Experts say U.S. gasoline demand is at the start of a long-term decline following seven decades of mostly uninterrupted growth. Here are key moments marking the rise and fall:
1905 — Country's first gasoline filling station is built in St. Louis.
1946 — Gasoline demand rises 25 percent the year after World War II ends.
1952 — During Korean War, demand falls by 1 percent. It's the only decline between 1945 and 1974.
1974 — Arab oil embargo causes demand to drop by 2 percent. It's the first decline in 22 years.
1975 — U.S. adopts its first fuel economy standards for autos. The nation's fleet averages 13.1 mpg.
1978 — Energy Tax Act includes first subsidy for ethanol.
1980 — Iranian revolution leads to a second "oil shock." From 1978 until 1980, U.S. demand falls 11 percent.
1990 — Ford introduces the Explorer. It was classified as a light truck, and it and other SUVs were exempt from fuel economy rules that apply to cars.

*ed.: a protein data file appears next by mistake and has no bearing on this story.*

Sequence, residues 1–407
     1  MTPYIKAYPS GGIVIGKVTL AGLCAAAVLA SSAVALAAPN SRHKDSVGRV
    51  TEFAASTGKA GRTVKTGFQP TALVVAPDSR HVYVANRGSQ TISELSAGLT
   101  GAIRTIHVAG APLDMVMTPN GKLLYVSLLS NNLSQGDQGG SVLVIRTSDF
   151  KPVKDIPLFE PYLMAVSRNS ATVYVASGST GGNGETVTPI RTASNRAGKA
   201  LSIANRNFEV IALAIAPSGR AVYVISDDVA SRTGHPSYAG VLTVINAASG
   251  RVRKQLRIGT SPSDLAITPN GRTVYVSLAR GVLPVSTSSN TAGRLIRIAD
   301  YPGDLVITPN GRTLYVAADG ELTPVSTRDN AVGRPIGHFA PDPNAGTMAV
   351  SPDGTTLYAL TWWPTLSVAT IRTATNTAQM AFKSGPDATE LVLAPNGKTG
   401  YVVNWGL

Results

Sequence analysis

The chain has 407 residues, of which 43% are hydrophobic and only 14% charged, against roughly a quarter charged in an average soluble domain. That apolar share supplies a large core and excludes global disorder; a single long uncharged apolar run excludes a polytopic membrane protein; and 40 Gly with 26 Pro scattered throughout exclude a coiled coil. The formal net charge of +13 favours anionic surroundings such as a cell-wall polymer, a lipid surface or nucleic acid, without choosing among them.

2004 — The fuel economy of the nation's fleet hits its lowest point since 1980, 19.3 mpg.
2005 — High gas prices, elevated in part by Hurricane Katrina, prompt drivers to shun SUVs; Congress requires refiners to blend ethanol into gas.
2006 — Gas demand, excluding ethanol, peaks at 8.9 million barrels per day — 136 billion gallons for the year.
2007 — Congress mandates more ethanol use: 9 billion gallons in 2008, rising to 36 billion gallons in 2022.
2008 — Demand falls 3 percent as recession spreads and pump prices reach record national average of $4.11 per gallon.
2010 — Demand falls for fourth straight year, to an average 8.2 million barrels per day.